Social Entrepreneurs Corps, Quetzaltenango, Guatemala
Summer Entrepreneurial Internship Program
Social Entrepreneurs Corps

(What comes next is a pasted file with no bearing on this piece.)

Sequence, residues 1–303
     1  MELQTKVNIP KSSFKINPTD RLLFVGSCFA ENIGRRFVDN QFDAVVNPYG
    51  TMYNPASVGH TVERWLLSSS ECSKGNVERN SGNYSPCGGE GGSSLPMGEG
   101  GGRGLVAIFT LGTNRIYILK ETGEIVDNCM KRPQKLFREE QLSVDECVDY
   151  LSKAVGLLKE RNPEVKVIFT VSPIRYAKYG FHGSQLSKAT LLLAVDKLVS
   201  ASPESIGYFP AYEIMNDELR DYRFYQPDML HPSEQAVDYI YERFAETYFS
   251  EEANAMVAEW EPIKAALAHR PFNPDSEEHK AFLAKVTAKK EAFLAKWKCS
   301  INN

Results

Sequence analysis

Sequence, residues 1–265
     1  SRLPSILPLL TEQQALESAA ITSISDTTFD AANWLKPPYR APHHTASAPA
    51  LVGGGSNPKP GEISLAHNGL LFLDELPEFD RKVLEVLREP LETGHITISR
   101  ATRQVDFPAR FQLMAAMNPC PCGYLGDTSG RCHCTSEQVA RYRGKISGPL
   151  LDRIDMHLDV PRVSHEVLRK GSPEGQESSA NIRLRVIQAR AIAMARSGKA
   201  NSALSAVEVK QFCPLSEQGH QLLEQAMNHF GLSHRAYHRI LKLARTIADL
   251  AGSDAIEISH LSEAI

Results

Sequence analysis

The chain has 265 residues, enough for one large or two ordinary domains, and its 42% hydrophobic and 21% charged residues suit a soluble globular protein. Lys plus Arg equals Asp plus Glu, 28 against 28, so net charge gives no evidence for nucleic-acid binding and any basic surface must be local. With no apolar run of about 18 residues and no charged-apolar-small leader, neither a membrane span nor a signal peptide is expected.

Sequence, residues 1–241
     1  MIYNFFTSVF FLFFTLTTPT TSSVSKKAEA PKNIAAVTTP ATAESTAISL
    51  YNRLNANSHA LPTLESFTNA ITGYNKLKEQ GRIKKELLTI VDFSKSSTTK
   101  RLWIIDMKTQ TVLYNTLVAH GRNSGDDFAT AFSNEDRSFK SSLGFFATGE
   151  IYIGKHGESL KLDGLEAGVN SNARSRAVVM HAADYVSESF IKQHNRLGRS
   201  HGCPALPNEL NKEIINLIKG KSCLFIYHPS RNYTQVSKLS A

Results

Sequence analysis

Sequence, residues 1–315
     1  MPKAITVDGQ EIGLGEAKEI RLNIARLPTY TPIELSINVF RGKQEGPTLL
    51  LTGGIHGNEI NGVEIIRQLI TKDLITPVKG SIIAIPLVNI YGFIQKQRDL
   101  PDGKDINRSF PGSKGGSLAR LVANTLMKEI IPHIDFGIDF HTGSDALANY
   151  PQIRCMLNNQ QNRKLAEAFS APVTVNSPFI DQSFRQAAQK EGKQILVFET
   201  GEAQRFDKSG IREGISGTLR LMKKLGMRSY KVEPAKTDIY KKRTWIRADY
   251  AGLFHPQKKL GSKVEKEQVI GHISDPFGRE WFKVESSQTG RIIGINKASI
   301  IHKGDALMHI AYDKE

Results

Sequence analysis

Even while sitting on the airplane to Guatemala, I knew the next eight weeks would be personally and professionally impactful. Reflecting afterwards, I am surprised by how much I underestimated my own growth. Based in the city of Quetzaltenango, nicknamed Xela (pronounced “Shay-lah”), my fellow nine interns and I worked officially as community consultants for Soluciones Comunitarias (an affiliate organization of Social Entrepreneur Corps nicknamed SolCom). My specific tasks included consulting a legal nonprofit, analyzing a new water purification technology, and creating a theoretical structure for a community with the goal of uniting the disparate nonprofits in Guatemala. While I provided my unique insight, work, and the rapport I built with my organization, I received knowledge on the needs of nonprofits in Guatemala, how to address the needs of these organizations, how to conduct a product analysis in a developing community, what it takes to begin a network of organizations, and how to effectively work on a team. I also acquired greater self-motivation and experience in overcoming various situational, oral, and cultural barriers. Informally, I was a daughter to my host families, a friend to my group, and a visitor in the unique region, history and culture of Guatemala. Ultimately, what made my time more than I could have imagined was meeting incredible human beings, working for dedicated organizations, and having the opportunity to gain first-hand insights about issues that afflict millions.